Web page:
Comber, Island Hill and Belfast’s Cathedral Quarter, Northern Ireland

So, after leaving Bushmills we headed south back Belfast way to Dundonald Touring Caravan Park. Situated 8 miles from the city centre, it was £24 per night for a fully serviced and spacious pitch which we had been able to pre-select online before our visit. What’s more the site was perfectly located for us, adjacent to the Comber Greenway 7-mile traffic-free old railway cycle path running from Comber to Belfast. The length of the route provides views of Stormont, Scrabo Tower, the Harland & Wolff cranes (Samson & Goliath), Belfast Hills, and the CS Lewis statue at the Holywood Arches.

We took this cycle path to explore the town of Comber, the birthplace of Thomas Andrews junior, a Shipbuilder and head designer of RMS Titanic who sadly perished on its maiden voyage. We hadn’t realised the deep connection the town had with Titanic which educated us a little more before our visit to the Titanic Museum the next day.

Venturing on a little further through the town brought us out at the shores of Strangford Lough and Island Hill nature reserve, which offers a circular walk of 1.5 miles around the island. Note, though, that this little island is only accessible at low tide. It was very peaceful here, just the sound of the birds, and we only passed the odd dog walker or two. Blissful 🙂.

While in Comber we ate lunch at the Sugarcane cafe/bistro in the square and before returning home after our ride, we picked up some essentials for dinner back at Jolly that evening when we took time to relax.

Moving from Bushmills to Dundonald, Belfast, stopping to take in the coastal views at Magheracross viewpoint

It was an evening of stark contrast on the Saturday night in the cathedral quarter of Belfast city. Wow, what a place! This city knows how to party. It was absolutely buzzing and so vibrant. Most of the bars had great names too, not your usual Brown Cow, Black Bull, etc. We stuck in the cathedral quarter all evening and visited The Thirsty Goat, The Cloth Ear, Dirty Onion (which has a Yardbird chicken restaurant upstairs but we visited Bunsen instead), and the Spaniard bar. We only scratched the surface of the great selection of bars and eateries on offer and so we’d love to re-visit this quarter in the future. Also bobbing around the area all evening were mobile pedal bars with music, like the Wee Toast Tours which looked brilliant fun. Maybe next time we’ll give this a go.

When we turned in after a fab night out, we had a feeling that our intro to this amazing city had really set the tone for the rest of our exploration of Belfast’s rich history. We visited as many sites as we could fit in during our two full days there, which we’ll cover in our next posts.


Suzie & Bri

Cairnryan to Belfast – StenaLine crossing

Stena Line crossing from Cairnryan to Belfast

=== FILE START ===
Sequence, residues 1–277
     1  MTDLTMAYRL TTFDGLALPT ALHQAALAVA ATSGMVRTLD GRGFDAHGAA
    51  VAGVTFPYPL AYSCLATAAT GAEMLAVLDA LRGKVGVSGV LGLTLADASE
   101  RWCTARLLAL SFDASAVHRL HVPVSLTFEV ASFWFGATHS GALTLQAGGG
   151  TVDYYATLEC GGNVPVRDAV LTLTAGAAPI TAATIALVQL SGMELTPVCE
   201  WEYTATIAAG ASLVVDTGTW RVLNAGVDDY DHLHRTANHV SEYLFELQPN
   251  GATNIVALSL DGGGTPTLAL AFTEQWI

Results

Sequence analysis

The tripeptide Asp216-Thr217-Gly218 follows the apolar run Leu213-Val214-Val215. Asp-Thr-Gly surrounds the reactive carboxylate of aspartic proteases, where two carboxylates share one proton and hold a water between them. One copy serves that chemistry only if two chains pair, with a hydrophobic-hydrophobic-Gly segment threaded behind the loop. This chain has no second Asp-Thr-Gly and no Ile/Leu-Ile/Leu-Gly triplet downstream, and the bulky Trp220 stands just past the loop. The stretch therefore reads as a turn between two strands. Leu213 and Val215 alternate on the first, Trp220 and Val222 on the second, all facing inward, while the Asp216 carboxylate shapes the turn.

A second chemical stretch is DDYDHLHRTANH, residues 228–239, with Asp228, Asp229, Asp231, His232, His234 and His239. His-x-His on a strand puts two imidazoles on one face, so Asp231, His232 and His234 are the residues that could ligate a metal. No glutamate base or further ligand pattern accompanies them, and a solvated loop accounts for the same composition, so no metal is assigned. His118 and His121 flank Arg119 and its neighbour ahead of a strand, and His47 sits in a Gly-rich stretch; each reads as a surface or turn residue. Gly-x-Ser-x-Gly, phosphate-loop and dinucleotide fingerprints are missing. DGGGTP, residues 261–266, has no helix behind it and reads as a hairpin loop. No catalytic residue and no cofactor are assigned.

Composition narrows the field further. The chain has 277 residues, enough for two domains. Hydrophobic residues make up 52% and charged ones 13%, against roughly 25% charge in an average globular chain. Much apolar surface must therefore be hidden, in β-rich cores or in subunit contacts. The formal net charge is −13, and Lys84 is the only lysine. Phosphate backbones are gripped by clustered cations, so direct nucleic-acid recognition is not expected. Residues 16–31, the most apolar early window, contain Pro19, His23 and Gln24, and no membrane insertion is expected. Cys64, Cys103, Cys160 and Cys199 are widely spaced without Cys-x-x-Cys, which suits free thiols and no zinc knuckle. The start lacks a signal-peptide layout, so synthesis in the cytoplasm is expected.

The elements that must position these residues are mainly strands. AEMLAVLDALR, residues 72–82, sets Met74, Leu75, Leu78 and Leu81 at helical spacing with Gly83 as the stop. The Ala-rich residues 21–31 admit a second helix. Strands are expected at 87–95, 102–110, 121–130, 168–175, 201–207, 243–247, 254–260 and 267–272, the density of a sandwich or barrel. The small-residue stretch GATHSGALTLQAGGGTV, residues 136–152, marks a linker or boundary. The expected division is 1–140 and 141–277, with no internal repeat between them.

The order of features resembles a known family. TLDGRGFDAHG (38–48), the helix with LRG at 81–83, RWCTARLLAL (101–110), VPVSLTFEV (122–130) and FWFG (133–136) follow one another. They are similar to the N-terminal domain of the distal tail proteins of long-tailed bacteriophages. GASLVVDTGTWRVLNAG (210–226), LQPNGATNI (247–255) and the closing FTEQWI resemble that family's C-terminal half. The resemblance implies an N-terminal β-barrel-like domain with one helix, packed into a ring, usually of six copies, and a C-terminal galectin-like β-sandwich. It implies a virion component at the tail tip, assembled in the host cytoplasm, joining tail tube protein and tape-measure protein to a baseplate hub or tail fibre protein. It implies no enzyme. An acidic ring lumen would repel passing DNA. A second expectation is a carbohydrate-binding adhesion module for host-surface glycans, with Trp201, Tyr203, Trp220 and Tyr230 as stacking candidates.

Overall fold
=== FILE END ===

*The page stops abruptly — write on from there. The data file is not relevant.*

Jolly’s Northern Ireland jaunt began with a leisurely 4 hour evening drive up to Cairnryan, Stranraer in Scotland. We decided to kip overnight at the StenaLine terminal at a cost of £5 so that we had an easy, stress-free boarding for our early morning crossing over to Belfast the next day. We used the reception facilities, open between about 6am-10pm. It was quite a noisy night on the car park with comings and goings at the port but we slept fine.

We’d pre-booked StenaLine Flexi E-tickets at a total cost of £243.90 for return travel for Jolly and us. This option guaranteed 100% refund on cancellations up to 24 hours before departure and 50% refund on cancellations up to 2 hours before departure. We needed this flexibility in case the trip didn’t go ahead because of other responsibilities. Fortunately though, our holiday proceeded as planned 😀.

The duration of this route is approx. 2.5 hours and they run 8 crossings a day, we’d booked outgoing: 07:30 hrs Tues 3rd Sept & Return: 11:30 hrs Tues 10th Sept, and check-in closed 30 mins before departure. The early morning crossing was very quiet compared to our return, but both ways ran on time and were very smooth crossings.

On arrival at Belfast port, we travelled up to the village of Bushmills on the north coast of County Antrim, which derives its name from the River Bush flowing through it and a large water mill built there in the 17th Century. We’d originally planned to take the quickest route there and stop off for brunch at McLarnon’s Ramble Inn on the A26. Instead though, we grabbed the opportunity of seeing as much of the dramatic coastline as we could by driving up the Coast Rd/Causeway Road (A2) through Carrickfergus, Magheramorne, and Larne, with short stops at Ballygally and Glenarm. It was definitely the right decision, giving us an immediate taster of Northern Ireland’s rugged charm.

We pulled in a little further up the coast in the picturesque harbour village of Carnlough which is situated at the foot of Glencloy, and had brunch at the Harbour Lights Cafe. It was a cosy cafe, good food, and we were lucky enough to get window table overlooking the little harbour.

With full n happy tums we then headed on up to our destination of Bushmills, knowing that the surrounding area has a helluva lot to offer the tourist. We couldn’t wait to experience it!

Here’s a short vid of this first part of our Jolly adventure 🙂


Suzie & Bri